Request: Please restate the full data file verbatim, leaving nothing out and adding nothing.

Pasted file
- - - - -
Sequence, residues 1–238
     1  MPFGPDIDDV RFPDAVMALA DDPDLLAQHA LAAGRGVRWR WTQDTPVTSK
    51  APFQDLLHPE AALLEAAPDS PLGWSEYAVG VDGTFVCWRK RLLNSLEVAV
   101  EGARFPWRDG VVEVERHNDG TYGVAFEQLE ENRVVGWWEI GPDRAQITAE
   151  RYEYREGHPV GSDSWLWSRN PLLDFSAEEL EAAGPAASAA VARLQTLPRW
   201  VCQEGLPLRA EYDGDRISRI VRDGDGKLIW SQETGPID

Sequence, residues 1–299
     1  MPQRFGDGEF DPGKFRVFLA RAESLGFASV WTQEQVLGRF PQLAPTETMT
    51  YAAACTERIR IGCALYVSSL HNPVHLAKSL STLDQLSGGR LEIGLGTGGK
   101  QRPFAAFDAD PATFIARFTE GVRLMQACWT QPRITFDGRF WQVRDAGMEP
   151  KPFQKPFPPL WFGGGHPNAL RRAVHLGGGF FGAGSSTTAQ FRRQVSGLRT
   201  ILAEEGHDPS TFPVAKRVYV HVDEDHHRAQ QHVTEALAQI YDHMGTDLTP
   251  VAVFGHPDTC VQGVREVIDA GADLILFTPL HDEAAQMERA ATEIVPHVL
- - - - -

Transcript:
Sequence, residues 1–238
     1  MPFGPDIDDV RFPDAVMALA DDPDLLAQHA LAAGRGVRWR WTQDTPVTSK
    51  APFQDLLHPE AALLEAAPDS PLGWSEYAVG VDGTFVCWRK RLLNSLEVAV
   101  EGARFPWRDG VVEVERHNDG TYGVAFEQLE ENRVVGWWEI GPDRAQITAE
   151  RYEYREGHPV GSDSWLWSRN PLLDFSAEEL EAAGPAASAA VARLQTLPRW
   201  VCQEGLPLRA EYDGDRISRI VRDGDGKLIW SQETGPID

Sequence, residues 1–299
     1  MPQRFGDGEF DPGKFRVFLA RAESLGFASV WTQEQVLGRF PQLAPTETMT
    51  YAAACTERIR IGCALYVSSL HNPVHLAKSL STLDQLSGGR LEIGLGTGGK
   101  QRPFAAFDAD PATFIARFTE GVRLMQACWT QPRITFDGRF WQVRDAGMEP
   151  KPFQKPFPPL WFGGGHPNAL RRAVHLGGGF FGAGSSTTAQ FRRQVSGLRT
   201  ILAEEGHDPS TFPVAKRVYV HVDEDHHRAQ QHVTEALAQI YDHMGTDLTP
   251  VAVFGHPDTC VQGVREVIDA GADLILFTPL HDEAAQMERA ATEIVPHVL